This is a guest blogpost by Seamus Keating, CEO KX
The frontiers of data management technologies are being extended as organisations across every industry sector seek to extract greater insights from real-time data, whether to improve operational performance, outpace their competition or change business models entirely.
This pace of change is being forced through by two key factors, the exponential growth in data volumes and the speed at which that data is coming into organisations, in particular real-time data from devices and sensors often at the edge of networks. Industry analyst firm IDC estimates that enterprise-related sensor data is growing at 40% per annum and will soon surpass all other data types, including entertainment data.
Our own research tells us that organisations across all industry sectors recognise the need to extract more insight and intelligence from their real-time data. 90% of organisations say that they plan to increase investment in real-time or streaming analytics technologies over the next three years. Add to this a growing demand post-Covid-19 for greater automated decision-making as part of digital transformation initiatives and it’s not hard to see why analyst firm Gartner is forecasting that by 2022 most business systems will feature real-time data capabilities.
From trading floor to trackside
When it comes to understanding the transformative potential of real-time analytics, much can be learnt from the experience of companies in the Financial Services sector. Banks, hedge funds, exchanges and regulators have long relied on technologies that enable sub-second decision making for a range of use cases from optimising trades to identifying and mitigating crime.
While the datasets may be different, any scenario where big data meets fast data presents an opportunity for organisations to benefit from the introduction or enhanced application of real-time analytics. Take automotive; from the processing of edge data from sensors in autonomous vehicles to analysing trackside telemetry and aerodynamics in wind tunnels in motorsports, real-time analytics is a game changer for both enabling new technologies and services and significantly enhancing existing processes.
There are a number of similar use cases in industries as diverse as marketing, manufacturing, utilities and telecommunications. As the volume, variety and velocity of data continues to increase, so too then the need for technologies that can unlock the value of data in real-time, using the context of historical time-series data to capitalize on perishable business moments.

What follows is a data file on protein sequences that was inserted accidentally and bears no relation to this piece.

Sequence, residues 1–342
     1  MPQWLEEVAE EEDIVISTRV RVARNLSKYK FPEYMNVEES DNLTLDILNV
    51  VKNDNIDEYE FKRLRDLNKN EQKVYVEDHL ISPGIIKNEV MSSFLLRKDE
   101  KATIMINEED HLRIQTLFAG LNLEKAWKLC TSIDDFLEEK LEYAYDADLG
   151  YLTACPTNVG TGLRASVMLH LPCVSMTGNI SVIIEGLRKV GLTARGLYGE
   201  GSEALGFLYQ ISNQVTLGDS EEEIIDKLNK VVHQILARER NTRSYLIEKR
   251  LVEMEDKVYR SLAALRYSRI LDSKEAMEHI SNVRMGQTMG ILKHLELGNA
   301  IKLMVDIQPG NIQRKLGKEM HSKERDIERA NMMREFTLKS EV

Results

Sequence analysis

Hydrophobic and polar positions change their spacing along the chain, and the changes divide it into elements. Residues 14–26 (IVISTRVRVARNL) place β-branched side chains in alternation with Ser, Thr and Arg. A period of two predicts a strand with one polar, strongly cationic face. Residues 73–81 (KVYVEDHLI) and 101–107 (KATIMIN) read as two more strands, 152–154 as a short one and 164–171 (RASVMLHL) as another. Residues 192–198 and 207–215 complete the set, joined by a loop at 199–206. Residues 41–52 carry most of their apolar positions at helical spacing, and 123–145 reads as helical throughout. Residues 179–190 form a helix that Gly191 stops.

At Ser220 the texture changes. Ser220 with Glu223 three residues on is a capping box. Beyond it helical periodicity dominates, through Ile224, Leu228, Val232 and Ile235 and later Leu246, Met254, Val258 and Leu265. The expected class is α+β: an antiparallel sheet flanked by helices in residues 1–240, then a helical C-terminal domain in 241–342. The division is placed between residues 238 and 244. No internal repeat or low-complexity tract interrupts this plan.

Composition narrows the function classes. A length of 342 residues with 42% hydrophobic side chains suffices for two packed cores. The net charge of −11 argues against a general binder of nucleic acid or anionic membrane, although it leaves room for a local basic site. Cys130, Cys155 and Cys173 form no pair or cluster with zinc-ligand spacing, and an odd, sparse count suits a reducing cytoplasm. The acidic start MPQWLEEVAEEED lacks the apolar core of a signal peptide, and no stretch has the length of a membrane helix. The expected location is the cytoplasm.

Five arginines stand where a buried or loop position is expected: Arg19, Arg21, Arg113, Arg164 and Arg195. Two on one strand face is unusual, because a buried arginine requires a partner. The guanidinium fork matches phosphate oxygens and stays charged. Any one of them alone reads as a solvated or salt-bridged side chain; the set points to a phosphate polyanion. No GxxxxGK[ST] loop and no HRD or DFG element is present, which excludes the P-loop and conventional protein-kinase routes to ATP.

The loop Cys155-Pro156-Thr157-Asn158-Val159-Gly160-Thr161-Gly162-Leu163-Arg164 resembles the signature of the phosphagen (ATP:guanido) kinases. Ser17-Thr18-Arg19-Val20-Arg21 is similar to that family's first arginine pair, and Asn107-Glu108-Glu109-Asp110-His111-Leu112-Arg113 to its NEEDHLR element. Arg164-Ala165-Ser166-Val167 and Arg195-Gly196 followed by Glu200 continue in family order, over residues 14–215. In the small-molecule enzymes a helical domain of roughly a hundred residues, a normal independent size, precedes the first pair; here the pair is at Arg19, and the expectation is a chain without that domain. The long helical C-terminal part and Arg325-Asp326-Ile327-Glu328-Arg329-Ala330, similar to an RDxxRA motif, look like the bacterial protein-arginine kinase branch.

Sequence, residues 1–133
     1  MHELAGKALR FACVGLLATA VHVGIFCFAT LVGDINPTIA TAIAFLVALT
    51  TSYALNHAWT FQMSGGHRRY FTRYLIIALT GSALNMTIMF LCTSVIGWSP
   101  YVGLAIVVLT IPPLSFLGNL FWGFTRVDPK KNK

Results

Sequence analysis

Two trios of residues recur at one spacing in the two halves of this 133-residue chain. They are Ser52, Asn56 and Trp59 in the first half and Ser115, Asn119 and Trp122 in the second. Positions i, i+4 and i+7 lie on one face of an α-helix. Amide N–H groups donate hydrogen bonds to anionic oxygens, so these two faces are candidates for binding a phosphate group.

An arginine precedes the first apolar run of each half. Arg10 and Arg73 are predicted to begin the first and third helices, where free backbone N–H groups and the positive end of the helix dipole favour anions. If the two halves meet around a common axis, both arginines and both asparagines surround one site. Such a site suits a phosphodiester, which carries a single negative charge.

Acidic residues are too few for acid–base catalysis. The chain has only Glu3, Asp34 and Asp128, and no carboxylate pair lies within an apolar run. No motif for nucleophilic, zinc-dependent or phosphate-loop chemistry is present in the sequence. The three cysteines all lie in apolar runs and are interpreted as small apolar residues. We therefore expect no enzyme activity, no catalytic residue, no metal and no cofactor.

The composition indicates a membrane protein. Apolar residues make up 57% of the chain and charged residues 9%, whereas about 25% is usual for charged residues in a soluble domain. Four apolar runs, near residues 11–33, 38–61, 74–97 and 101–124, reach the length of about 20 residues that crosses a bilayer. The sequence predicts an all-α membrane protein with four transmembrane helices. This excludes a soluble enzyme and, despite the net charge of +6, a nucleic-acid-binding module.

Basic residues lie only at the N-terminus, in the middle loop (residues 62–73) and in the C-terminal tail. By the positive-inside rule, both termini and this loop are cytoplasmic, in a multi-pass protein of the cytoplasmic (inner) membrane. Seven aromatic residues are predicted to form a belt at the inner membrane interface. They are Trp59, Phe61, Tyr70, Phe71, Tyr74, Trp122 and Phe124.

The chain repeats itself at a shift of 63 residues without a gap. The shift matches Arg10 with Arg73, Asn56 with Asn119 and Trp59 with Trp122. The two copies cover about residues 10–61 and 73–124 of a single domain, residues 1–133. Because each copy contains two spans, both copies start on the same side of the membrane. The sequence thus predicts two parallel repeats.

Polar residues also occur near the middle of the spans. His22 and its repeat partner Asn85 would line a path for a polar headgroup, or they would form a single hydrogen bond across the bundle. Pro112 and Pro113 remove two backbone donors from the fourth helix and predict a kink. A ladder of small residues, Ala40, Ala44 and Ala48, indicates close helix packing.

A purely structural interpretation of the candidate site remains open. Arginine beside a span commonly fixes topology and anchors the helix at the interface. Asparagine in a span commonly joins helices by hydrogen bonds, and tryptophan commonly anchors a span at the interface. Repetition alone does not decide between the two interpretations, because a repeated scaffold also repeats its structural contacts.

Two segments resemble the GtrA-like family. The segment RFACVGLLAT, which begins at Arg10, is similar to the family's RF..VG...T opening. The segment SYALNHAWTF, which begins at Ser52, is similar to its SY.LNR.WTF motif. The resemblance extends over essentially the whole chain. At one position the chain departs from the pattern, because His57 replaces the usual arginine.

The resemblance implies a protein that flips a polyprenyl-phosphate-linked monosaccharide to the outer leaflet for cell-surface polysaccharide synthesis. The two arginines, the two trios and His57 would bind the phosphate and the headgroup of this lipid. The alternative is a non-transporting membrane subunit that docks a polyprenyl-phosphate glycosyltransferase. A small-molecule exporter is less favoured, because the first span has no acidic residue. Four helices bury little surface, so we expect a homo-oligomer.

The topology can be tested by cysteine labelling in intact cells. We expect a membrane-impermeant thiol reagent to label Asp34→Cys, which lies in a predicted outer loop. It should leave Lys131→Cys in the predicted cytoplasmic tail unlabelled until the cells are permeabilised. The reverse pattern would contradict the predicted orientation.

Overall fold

Partners in time
This demand for ultra-high-performance analytics is giving rise to a new ‘fast data’ layer within the wider data management and analytics architecture. In this layer, best in class real-time decisioning engines can augment the storage and batch analytical capabilities of partner technologies, including those offered by the hyperscale cloud vendors and sector-focused platform providers. Whether deployed on-cloud, on prem or in a hybrid model, these fast-data solutions allow companies to add deep and wide historical data as context to inform their real-time decision making. They also tend to be simple to deploy and manage, and are therefore appealing to businesses struggling to make legacy data management and analytics systems fit for purpose when faced with the realities of the ever-growing data landscape.
Continuous actionable intelligence
Ultimately, by combining ultra-high performance analytics with time-series data, companies can build a model of Continuous Actionable Intelligence (CAI), where AI and machine learning models are applied to real-time and historical data to deliver greater automation of business processes and decisions.
Alongside significantly improving operational efficiency, CAI offers the promise of both solving hitherto unseen business problems and unearthing new opportunities providing companies have the right people with the right skills to build and promote the data models.
Again, the findings from our research suggest that across industries, many organisations are struggling with having access to the right people with experience in DataOps and machine learning. Get it right, however, and companies can experience the genuinely transformative results that these technologies offer.